George Chittick's Irish language view 'shared by many'
- 3 February 2014
- From the section Northern Ireland
The Orange Order's director of services has said comments about the Irish language by the order's leader in Belfast are shared by many Protestants.
On Saturday, George Chittick said: "A word of warning to Protestants who go to learn Irish... it's part of the republican agenda."
He was speaking during a loyalist protest in north Belfast.
The controversial comments have been condemned by Irish language enthusiasts and some politicians.
However, the Orange Order's David Hume defended Mr Chittick's views.
"I think George is articulating a belief, certainly within a section of the Protestant community, that there is this cultural onslaught if you like and that Irish language has become part of that," he said.
"I would also recognise, as I think most reasonable people would, that there are a lot of very dedicated Irish language enthusiasts there learning the language.
"But we also have to recognise that there has been a republican agenda and what we would see as Long Kesh (prison) Irish."
Mr Chittick, the order's Belfast County Grand Master, said his remarks were aimed at those seeking funding for Irish language projects.
However, culture minister Carál Ní Chuilín said Mr Chittick's comments were very disappointing. She said the Irish language belonged to everyone.
"We've had people from all backgrounds who have openly learned the Irish language and are happy to go to classes," the Sinn Féin minister said.
"It's about shared future, shared history, shared culture, the language belongs to us all and nobody, regardless of who they, are has a right to colonise it and the comments that George, and others, made need to stop."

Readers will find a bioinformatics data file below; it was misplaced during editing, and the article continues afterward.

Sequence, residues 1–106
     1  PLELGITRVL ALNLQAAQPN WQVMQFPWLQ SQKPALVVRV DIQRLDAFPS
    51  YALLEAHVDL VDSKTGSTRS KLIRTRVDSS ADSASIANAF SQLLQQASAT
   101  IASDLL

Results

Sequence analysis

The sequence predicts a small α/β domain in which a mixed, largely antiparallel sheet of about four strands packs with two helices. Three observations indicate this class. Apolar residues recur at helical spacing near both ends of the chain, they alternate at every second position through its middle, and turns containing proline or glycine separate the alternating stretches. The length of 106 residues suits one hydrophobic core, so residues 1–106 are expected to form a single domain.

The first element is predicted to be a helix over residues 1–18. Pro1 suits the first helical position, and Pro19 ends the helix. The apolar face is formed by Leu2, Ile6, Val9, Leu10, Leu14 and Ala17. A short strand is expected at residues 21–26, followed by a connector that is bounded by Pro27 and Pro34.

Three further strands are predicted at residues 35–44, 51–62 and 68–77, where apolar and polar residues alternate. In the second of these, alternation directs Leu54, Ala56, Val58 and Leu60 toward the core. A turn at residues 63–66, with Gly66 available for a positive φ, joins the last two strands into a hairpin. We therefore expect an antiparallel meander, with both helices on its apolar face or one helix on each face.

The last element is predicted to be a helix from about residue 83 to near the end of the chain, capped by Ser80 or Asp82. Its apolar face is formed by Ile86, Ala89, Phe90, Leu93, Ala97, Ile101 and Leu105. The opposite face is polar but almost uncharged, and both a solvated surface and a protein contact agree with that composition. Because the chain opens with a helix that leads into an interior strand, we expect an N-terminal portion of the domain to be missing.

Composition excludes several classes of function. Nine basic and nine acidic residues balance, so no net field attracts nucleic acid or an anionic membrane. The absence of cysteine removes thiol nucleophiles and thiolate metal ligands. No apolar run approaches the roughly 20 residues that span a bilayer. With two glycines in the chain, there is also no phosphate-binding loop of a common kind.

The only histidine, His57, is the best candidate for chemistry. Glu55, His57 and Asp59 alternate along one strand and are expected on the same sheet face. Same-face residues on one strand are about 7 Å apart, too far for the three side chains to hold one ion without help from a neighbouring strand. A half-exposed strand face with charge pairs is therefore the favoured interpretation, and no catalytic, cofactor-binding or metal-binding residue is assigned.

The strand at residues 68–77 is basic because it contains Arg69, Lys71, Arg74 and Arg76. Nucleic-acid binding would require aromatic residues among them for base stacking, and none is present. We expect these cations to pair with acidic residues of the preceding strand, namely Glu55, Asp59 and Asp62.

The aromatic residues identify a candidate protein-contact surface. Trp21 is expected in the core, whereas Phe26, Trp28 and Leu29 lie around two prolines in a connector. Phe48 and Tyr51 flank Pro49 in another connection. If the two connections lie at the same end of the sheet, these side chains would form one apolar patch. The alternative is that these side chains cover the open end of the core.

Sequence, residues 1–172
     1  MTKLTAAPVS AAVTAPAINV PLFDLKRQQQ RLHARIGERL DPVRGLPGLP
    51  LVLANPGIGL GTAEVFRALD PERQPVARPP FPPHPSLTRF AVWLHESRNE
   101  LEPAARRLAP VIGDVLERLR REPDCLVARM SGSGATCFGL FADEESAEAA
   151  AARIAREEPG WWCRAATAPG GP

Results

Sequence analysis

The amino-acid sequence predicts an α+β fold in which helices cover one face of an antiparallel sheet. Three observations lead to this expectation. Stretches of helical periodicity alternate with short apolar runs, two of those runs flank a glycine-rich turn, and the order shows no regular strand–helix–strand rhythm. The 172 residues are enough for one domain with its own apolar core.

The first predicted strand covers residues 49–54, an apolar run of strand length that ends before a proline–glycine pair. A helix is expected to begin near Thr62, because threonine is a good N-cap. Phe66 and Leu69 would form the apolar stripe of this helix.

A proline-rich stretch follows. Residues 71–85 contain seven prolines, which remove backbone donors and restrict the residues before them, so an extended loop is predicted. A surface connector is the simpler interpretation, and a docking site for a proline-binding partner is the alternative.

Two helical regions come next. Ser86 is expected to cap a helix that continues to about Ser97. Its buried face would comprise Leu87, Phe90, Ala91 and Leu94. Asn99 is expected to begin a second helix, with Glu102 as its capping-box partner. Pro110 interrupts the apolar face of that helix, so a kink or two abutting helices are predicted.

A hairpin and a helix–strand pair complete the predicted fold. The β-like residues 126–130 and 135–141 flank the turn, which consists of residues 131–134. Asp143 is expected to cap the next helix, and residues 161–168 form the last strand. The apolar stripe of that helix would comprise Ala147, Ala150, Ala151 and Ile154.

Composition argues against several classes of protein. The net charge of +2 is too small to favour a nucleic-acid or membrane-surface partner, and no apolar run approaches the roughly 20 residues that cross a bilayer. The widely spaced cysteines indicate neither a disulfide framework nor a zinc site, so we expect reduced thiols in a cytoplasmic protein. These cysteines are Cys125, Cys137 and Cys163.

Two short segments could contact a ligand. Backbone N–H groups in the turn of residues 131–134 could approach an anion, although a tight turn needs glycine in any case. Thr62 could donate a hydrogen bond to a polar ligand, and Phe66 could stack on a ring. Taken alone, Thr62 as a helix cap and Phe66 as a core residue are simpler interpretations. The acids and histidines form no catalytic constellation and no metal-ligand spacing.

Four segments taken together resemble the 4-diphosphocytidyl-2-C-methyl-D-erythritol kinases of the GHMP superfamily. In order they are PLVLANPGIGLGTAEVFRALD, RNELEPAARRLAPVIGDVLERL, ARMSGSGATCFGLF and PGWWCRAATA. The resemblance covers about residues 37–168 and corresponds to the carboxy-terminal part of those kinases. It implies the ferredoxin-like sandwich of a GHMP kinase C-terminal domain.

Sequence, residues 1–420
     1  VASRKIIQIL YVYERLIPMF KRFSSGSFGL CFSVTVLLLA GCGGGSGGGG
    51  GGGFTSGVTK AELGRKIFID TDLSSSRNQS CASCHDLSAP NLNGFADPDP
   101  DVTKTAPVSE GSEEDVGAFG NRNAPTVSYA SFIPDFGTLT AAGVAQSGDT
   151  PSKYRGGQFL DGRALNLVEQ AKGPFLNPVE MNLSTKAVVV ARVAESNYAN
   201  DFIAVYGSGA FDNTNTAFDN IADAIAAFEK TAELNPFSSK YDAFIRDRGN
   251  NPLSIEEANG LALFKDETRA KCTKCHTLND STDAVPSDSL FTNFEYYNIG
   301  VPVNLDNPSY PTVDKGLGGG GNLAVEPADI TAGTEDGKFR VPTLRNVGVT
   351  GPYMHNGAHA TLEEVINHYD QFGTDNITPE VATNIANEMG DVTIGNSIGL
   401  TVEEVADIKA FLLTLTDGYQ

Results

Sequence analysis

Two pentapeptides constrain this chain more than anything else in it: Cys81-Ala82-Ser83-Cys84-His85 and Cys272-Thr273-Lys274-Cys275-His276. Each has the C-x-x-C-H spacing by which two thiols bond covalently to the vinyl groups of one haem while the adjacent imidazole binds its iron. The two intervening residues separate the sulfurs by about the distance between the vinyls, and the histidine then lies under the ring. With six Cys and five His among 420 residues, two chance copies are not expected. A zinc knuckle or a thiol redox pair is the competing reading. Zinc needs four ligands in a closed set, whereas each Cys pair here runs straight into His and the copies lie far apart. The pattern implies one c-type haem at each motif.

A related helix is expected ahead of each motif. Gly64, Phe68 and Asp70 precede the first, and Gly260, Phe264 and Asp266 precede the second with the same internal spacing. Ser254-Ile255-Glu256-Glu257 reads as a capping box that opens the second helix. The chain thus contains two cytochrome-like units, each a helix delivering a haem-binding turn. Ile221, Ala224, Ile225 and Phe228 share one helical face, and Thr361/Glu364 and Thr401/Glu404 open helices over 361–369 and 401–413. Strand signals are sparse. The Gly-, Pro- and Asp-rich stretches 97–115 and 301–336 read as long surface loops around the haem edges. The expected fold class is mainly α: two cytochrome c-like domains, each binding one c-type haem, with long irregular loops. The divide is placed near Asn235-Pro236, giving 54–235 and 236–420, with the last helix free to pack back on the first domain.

On Sunday, an Irish language development officer in east Belfast said many people there were upset by Mr Chittick's comments.
Linda Ervine said: "I know a lot of people in east Belfast have been offended by this."
Ms Ervine, who is development officer at a recently opened Irish language centre in east Belfast and is married to the former PUP leader Brian Ervine, said she was "very surprised" by Mr Chittick's comments.
She told BBC Northern Ireland's Sunday Sequence programme: "I had talks with the Orange Order last year and found them to be very interested in my work.
"I know a lot of people in east Belfast have been offended by this, I've had a lot of messages overnight from people who are quite angry at Mr Chittick's remarks.
"I wish he would come and address them to us, I'd love him to come and visit our centre because I think it would be a real wake-up call for him.
"You come into our classroom and you have members of the DUP, members of Alliance, members of the UUP, members of the PUP all learning Irish."
The SDLP's Irish language spokesman, Dominic Bradley, said he was saddened by Mr Chittick's remarks and called for him to apologise.
"I have worked with people from the Protestant community in the promotion of the language and have found them to be most knowledgeable, dedicated and genuine in their efforts," he said.
Basil McCrea, leader of NI21, also criticised Mr Chittick's remarks.